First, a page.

$\xi =\alpha t+{\beta }_{I}x+{\beta }_{2}y+{\beta }_{3}z.$ (3.4)

Once the transformed general solution is established for the principle [nonlinear] PDE, the individual must transform the principal equation via ansatz and plug in the transformed general solution Ug. Using [exponential] terms found in the auxiliary solution $\varphi$, one can define a set of algebraic equations that are necessary for solving constants like aij, bij, α, β1, β2 and β3 whenever possible. The transformed general solution Ug becomes the exact solution ue to the principle [nonlinear] PDE after plugging in the constants described in the prior sentence.

4. Finding, Then Describing the Solutions to the NSEs (via GFT)

Mathematica® was used to derive solutions to the NSEs with and without an external force. Both Mathematica® spreadsheets for the two sets of problems were provided via both notebook and pdf format and located at the following link https://drive.google.com/drive/folders/13fD8t_i-jwz_J1QWUJM4dpa2kZkvnxFZ?usp=sharing. Thus, one can follow most of the work in this paper.

4.1. Derivation of Solutions for the NSEs with and without an External Force

Proposition 4.1.1. The general solution ug of the GFT can be used to derive putative exact solutions of the velocity vector field $v$ and internal pressure p to NSEs with and without an external force $f$.

First, an individual must solve a particular order homogeneous auxiliary/characteristic ordinary differential equation like the following:

${\varphi }^{″}\left(\xi \right)-\varphi \left(\xi \right)=0,$ (4.1.1)

whose solution $\varphi$ is given as:

$\varphi \left(\xi \right)={c}_{1}{\text{e}}^{\xi }+{c}_{2}{\text{e}}^{-\xi }.$ (4.1.2)

Next, one determines the maximal and minimal power for truncation ps, which is equal to the value of 1. Then using Equation (3.1), (s)he establishes the transformed general solutions for the internal pressure P and the vector fields $V$ and $F$, respectively:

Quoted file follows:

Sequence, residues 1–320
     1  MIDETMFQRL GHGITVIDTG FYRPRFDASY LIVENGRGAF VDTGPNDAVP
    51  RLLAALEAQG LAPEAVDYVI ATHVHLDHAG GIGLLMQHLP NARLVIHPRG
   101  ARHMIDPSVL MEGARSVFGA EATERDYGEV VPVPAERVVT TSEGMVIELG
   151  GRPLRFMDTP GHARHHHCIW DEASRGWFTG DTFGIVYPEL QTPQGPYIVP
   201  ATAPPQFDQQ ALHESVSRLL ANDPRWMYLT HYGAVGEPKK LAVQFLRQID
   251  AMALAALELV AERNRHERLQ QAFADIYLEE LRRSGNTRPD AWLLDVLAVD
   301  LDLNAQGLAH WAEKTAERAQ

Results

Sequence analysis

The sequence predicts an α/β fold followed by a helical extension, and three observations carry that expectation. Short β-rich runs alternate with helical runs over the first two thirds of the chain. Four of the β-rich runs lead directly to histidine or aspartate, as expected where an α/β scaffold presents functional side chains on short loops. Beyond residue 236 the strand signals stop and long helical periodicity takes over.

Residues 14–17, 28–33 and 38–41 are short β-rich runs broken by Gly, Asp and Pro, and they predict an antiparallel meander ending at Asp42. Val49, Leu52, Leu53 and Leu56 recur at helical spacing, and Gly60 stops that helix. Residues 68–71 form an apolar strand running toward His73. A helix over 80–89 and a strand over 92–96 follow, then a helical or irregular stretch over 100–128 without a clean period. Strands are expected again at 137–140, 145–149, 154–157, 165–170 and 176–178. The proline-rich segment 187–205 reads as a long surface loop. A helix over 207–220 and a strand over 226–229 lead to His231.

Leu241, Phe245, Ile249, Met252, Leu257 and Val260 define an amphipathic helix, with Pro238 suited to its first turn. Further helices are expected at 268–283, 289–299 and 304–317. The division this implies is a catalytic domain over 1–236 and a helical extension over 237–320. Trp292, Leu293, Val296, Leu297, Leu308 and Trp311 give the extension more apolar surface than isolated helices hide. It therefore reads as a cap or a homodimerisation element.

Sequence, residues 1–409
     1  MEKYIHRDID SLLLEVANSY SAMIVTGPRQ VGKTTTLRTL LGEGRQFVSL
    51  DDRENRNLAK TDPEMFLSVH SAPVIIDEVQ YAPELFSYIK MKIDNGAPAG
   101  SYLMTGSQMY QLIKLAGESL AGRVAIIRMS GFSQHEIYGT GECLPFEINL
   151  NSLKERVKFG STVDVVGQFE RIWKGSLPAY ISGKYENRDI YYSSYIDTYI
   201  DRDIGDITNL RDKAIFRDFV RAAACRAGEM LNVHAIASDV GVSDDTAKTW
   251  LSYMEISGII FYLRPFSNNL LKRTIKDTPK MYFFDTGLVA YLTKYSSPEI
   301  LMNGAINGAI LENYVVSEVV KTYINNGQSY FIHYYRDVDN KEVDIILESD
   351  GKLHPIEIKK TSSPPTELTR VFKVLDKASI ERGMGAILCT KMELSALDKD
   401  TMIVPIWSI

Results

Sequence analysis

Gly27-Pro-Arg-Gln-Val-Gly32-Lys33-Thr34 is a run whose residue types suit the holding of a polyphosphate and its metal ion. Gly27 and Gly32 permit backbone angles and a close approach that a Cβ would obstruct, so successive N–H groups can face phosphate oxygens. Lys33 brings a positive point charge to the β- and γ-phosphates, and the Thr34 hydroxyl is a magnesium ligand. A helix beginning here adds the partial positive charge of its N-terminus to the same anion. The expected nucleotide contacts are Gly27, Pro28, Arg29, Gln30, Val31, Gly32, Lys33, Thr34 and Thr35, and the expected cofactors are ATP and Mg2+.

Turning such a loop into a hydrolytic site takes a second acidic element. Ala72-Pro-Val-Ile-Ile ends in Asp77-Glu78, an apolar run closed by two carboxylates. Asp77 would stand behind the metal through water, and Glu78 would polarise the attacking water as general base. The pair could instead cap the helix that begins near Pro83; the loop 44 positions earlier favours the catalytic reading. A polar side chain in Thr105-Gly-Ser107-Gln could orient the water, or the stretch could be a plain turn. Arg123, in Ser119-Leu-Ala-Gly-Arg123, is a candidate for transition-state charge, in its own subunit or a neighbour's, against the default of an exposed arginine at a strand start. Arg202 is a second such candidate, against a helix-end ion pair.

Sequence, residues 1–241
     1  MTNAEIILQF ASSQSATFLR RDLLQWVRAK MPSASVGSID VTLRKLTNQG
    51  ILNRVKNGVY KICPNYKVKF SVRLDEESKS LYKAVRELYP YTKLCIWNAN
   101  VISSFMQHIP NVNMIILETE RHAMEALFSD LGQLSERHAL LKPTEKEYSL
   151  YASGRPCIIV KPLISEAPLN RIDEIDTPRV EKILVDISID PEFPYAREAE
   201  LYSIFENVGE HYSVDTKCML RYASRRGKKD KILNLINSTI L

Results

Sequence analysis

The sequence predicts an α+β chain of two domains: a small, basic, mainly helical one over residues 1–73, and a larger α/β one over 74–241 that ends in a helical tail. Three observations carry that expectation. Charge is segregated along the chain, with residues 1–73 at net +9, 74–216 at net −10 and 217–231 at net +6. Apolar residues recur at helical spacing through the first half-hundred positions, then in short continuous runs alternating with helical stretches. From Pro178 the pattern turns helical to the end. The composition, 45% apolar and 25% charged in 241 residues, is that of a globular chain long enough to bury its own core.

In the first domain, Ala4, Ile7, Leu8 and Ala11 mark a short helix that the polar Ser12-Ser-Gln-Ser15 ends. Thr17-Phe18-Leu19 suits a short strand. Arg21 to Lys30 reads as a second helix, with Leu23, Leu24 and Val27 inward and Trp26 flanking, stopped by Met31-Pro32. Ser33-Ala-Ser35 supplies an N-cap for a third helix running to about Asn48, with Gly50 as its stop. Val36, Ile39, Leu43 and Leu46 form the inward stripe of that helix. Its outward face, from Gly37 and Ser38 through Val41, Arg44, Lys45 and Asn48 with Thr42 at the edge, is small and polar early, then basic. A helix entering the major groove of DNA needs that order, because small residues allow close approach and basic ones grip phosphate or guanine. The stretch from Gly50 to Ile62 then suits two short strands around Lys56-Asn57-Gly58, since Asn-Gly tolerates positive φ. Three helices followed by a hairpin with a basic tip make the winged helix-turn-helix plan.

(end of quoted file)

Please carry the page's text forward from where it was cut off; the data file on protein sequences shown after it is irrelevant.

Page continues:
$\begin{array}{c}P\left(\xi \right)=\frac{{\text{e}}^{-\xi }c\left(1,-1\right)\left(-i{\text{e}}^{f}+{c}_{1}{\text{e}}^{2\xi }+{c}_{2}\right)\left(i{\text{e}}^{\xi }+{c}_{1}{\text{e}}^{2\xi }+{c}_{2}\right)}{2\left({c}_{1}{\text{e}}^{2\xi }+{c}_{2}\right)}\\ \text{\hspace{0.17em}}\text{ }-\frac{{\text{e}}^{-\xi }c\left(2,-1\right)\left(-{\text{e}}^{\xi }+{c}_{1}{\text{e}}^{2\xi }+{c}_{2}\right)\left({\text{e}}^{\xi }+{c}_{1}{\text{e}}^{2\xi }+{c}_{2}\right)}{2\left({c}_{1}{\text{e}}^{2\xi }+{c}_{2}\right)},\end{array}$ (4.1.3)

$\begin{array}{c}{V}_{x}\left(\xi \right)=\frac{{\text{e}}^{-\xi }\text{a}1\left(1,-1\right)\left(-i{\text{e}}^{\xi }+{c}_{1}{\text{e}}^{2\xi }+{c}_{2}\right)\left(i{\text{e}}^{\xi }+{c}_{1}{\text{e}}^{2\xi }+{c}_{2}\right)}{2\left({c}_{1}{\text{e}}^{2}\xi +{c}_{2}\right)}\\ \text{\hspace{0.17em}}\text{ }-\frac{{\text{e}}^{-\xi }\text{a}1\left(2,-1\right)\left(-{\text{e}}^{\xi }+{c}_{1}{\text{e}}^{2\xi }+{c}_{2}\right)\left({\text{e}}^{\xi }+{c}_{1}{\text{e}}^{2\xi }+{c}_{2}\right)}{2\left({c}_{1}{\text{e}}^{2\xi }+{c}_{2}\right)},\end{array}$ (4.1.4)

$\begin{array}{c}{V}_{y}\left(\xi \right)=\frac{{\text{e}}^{-\xi }\text{a}2\left(1,-1\right)\left(-i{ϵ}^{\xi }+{c}_{1}{\text{e}}^{2\xi }+{c}_{2}\right)\left(i{\text{e}}^{\xi }+{c}_{1}{\text{e}}^{2\xi }+{c}_{2}\right)}{2\left({c}_{1}{\text{e}}^{2\xi }+{c}_{2}\right)}\\ \text{\hspace{0.17em}}\text{ }-\frac{{\text{e}}^{-\xi }\text{a}2\left(2,-1\right)\left(-{\text{e}}^{\xi }+{c}_{1}{\text{e}}^{2\xi }+{c}_{2}\right)\left({\text{e}}^{\epsilon }+{c}_{1}{\text{e}}^{2\xi }+{c}_{2}\right)}{2\left({c}_{1}{\text{e}}^{2\xi }+{c}_{2}\right)},\end{array}$ (4.1.5)